- Each group must collect more than 100 samples
- Record the survey result into the Excel Coding Sheet
2. Choose one of the following topics or any topics based on your interests
- Emotional Response to the September 11th terrorist attacks
- Perception of the further risk of terrorist attack
- War in
- Others (Affirmative action, Same Sex Marriage, Gun Controls, etc.)
1) Please arrange to meet with the instructor to discuss your survey questionnaire.
2) Collect more than 100 samples at least
3) Prepare for a Codebook, Coding Sheet
4) Record your survey results in your MS Excel Coding table
5) Save your results in a CDRW
6) Submit your CDRW, all respondents’ questionnaires
à Your data set will be used by your classmates for our statistical analyses.
Week 8 (Mar 7, 9) Computer Lab Class
- Content and Format
- Wording Your Question
Thursday (Mar 9): Content Analysis
- Quantification in Content Analysis
- Undertaking a Substantive/ Structural Content Analysis
- Finding Categories
- Liability and Limitations
Writing and Reviewing a Research Report
- The Plan and the Structure
- The Style
- The Title and Abstract
- A Checklist for Judging Research
** Manheim and Rich. Chap. 10 & 21.
* SPRING BREAK: Mar. 11-19
Week 9 (Mar 21, 23) Computer Lab Class
Microsoft Access (Database)
- Creating a Database
- New table and Relationship
- Quiry and Report
O Lab Assignment: Database Construction of Your Bibliography and Political Science Journal list
** User’s Manuel of Microsoft Access
** From next class, we will meet at DuSable 170 Computer Lab
- Beginning SPSS
- SPSS Data Table
- Data Coding and Collection
- Formula Editor
- The Keypad Functions
- Creating a New Data Table
- Working with Graphs and Reports
Week 11 (April 4, 6): Univariate Analysis
One Variable, One Sample
- Distributions: Probability and Real-World Sample Distribution
- Describing Distribution of Values
- Generating Random Data
- Statistical Inference on the Mean
Measure of Central Tendency
- The Mode, Mean, and Median
- The Median
- The Shape of Distribution
- The Characteristics of the Normal Distribution
Measure of Variability
- The Variation
- The Range
- The Standard Deviation
** Frankfort-Nachmias and Leon-Guerrero. pp.109-182.
** Nardi, Chap. 6.
Week 12 (April 11, 13): Bivariate Analysis
Bivariate Analysis (The Difference between Two Means)
- Chi-square Test (Cross-tabulation Analysis)
- Student’s T-test
- Two Independent Groups
- Matched Pair Groups
- Display and Compare the Means
** Nardi, Chap. 7.
** Frankfort-Nachmias and Leon-Guerrero. pp.201-240.
O Assignment 5: Data Analysis I: Univariate & Bivariate Analyses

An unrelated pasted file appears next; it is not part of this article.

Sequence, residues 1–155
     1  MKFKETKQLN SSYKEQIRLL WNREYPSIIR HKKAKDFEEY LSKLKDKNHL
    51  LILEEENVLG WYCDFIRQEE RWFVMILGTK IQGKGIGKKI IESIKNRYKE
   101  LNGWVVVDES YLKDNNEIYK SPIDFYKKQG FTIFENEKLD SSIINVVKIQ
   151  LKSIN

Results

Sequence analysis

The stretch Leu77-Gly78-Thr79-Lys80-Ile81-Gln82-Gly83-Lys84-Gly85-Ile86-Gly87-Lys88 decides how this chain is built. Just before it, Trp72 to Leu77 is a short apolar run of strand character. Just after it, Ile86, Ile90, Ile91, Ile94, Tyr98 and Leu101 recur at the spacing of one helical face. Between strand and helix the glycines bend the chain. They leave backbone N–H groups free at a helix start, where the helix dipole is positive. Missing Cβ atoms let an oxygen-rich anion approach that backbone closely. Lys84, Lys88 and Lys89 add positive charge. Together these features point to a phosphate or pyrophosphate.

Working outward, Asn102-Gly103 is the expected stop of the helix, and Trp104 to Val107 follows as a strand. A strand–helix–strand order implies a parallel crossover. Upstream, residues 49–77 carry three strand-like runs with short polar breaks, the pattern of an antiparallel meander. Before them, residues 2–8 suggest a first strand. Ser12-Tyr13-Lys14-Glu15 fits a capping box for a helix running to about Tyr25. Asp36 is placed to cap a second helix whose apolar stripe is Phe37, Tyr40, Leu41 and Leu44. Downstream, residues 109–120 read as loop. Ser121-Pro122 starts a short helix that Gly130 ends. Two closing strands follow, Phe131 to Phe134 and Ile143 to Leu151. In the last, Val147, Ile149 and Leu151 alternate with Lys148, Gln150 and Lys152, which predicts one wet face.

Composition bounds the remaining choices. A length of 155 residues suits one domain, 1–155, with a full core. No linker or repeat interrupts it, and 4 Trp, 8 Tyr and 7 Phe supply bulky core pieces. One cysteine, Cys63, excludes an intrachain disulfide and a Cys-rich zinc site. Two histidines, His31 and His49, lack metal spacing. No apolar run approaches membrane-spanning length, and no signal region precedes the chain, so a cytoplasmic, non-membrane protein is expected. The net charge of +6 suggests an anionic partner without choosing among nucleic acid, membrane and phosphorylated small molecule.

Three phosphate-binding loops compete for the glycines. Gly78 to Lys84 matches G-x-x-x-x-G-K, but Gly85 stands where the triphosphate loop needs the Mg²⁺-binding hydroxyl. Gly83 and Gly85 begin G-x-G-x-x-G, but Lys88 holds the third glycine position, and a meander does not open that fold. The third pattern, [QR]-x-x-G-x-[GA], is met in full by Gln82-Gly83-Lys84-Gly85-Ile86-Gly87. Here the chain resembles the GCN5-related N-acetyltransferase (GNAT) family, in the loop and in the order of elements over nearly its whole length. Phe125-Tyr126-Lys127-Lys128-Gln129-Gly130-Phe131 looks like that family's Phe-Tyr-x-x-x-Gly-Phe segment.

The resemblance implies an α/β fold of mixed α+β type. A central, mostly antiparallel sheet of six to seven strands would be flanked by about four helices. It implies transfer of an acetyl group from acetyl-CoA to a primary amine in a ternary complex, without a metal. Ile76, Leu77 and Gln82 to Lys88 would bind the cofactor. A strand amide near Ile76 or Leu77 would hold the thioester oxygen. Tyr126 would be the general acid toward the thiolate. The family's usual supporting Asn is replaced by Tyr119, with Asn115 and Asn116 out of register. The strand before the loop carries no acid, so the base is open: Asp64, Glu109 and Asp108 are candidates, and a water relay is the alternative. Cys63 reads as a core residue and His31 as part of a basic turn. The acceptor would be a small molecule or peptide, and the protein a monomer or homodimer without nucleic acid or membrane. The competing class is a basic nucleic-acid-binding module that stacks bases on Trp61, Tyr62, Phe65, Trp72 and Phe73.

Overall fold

Due: April 20
Week 13 (April 18, 20): Analysis of Variance (ANOVA)
- What is One-way Layout?
- One-way Analysis of Variance
- Two-way Analysis of Variance
- Multiple-way Analysis of Variance
- Power and Unequal Variance
** Nardi, Chap. 8.
O Assignment 6: Group Research Paper
Due: April 27
Week 14 (April 25, 27): Regression Analysis
- Simple Correlation
- Partial Correlation and Multiple Correlation
Simple and Multiple Regression
- Least Squares
- Fitting a Line and Testing the Slope
- Examine Residuals
- Simple Regression Model
- Multiple Regression Model
** Frankfort-Nachmias and Leon-Guerrero. pp.297-327.
O Assignment 7: Data Analysis II: ANOVA and Regression
Due: May 2
- Essential Statistical Concept and Formulas
- More than 20 pages
- Definition, Formula, Example, etc
** List of Statistical
1. Measures of Central Tendency (the Mode, Median, and Mean)
2. Measures of Variability (the Range, Frequency, Variance, and Standard Deviation)
3. Normal Curve
4. Sampling Error, Standard Error of the Mean
5. Confidence Intervals, Degree of Freedom
6. The Null and Alternative Hypothesis, Hypothesis Test (Type I and II Errors)
7. Analysis of Variance (ANOVA)
8. Correlation and Regression
9. Independent and Dependent Variables
11. T test
12. R square
13. Z score
- Variance is a measure of the spread of a series of scores
- The larger the variance the more the data items are spread about the mean
- A variance of zero indicates no spread at all; in other words, all the scores have the
same value …………………………..
S² = variance
Σ (X- X)² = sum of the squared deviations from the meann = total number of score
Hand Written Summary Note
- Essential Statistical Concept and Formulas
Spreadsheet and Graph Analysis
Group Project – Survey Data
Data Analysis I: Uni and Bivaariate
Group Research Paper
Data Analysis II: ANOVA and Regression